Tetiana Kozhukhar

Chief analyst at AgriStatis Research

More than 2 million tons of crop protection products are used in the world every year
The problem of increasing agricultural productivity without chemical stress on the environment
A continuous population growth, under a constant amount of land suitable for agricultural cultivation, requires the introduction of more intensive cultivation technologies to maximize the biological potential of crop productivity, which is already high enough for modern varieties and hybrids. The level of scientific progress currently allows enhance plant productivity not only by increasing the chemical load on the environment, but in most cases, this issue is solved in this way. Modern pesticides are quite effective and, at the same time, persistent substances that tend to accumulate in the environment, polluting it, while the rate of chemicalization and the time required for the decomposition of these substances leaves no chance for nature to self-heal. For instance, organochlorine pesticides are toxic and persistent compounds that remain in the topsoil layer for a long time (half-live period can be up to 30 years) and able to overcome long food chains. For example, traces of DDT (dichlorodiphenyltrichloromethylmethane), which has been widely used since 1940, have been found in penguin liver in Antarctica already in 1964 and are currently restricted for use or banned, but over the past 30 years the volume of this substance in birds have not reduced since these substances are constantly released from melting glaciers.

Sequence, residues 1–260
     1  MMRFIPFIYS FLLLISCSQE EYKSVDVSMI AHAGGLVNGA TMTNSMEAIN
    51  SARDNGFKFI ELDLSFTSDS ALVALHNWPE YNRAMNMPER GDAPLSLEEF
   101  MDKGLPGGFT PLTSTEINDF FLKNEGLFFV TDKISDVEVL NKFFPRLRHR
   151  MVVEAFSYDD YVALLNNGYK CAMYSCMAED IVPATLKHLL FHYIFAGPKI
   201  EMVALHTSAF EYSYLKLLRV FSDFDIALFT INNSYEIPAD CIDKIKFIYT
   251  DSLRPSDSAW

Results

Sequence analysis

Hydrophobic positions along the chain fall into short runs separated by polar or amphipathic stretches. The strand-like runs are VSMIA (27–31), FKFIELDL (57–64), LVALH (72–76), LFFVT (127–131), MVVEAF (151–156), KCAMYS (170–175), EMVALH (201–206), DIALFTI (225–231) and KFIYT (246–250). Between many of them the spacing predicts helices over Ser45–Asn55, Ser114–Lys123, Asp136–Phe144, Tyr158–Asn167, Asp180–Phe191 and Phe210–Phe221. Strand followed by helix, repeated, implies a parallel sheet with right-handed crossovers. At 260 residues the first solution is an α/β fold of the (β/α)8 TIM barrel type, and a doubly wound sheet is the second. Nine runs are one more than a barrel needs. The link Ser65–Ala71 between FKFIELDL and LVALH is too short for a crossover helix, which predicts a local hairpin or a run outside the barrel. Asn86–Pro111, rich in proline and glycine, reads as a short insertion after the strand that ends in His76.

* Source: Heidi Heitz, a biologist at the Virginia Institute of Marine Science (VIMS), USA.
The need to refuse from CPP use
Modern agriculture is impossible without a complete refusal from the use of crop protection products (CPPs) – chemicals used to control diseases, pests, and weeds. According to the FAO, global CPP use has almost doubled since 1990, reaching 2.1 million tons in 2010, with further stabilization and slight fluctuations in subsequent years.
The use of crop protection products in the world (herbicides, fungicides, and insecticides)
Changes in the use of CPP compared to the last year
Source: Food and Agriculture Organization of the United Nations (FAO)
More than half of all CPP used is in Asia (52%), a one third in the United States (32%), and 12% in Europe (11.6%), the rest – Africa (2%) and Oceania (2%).

The use of crop protection products in the world by type
Changes in the use of herbicides, until last year
Changes in the use of fungicides, until last year
Changes in the use of insecticides, until last year
Source: FAO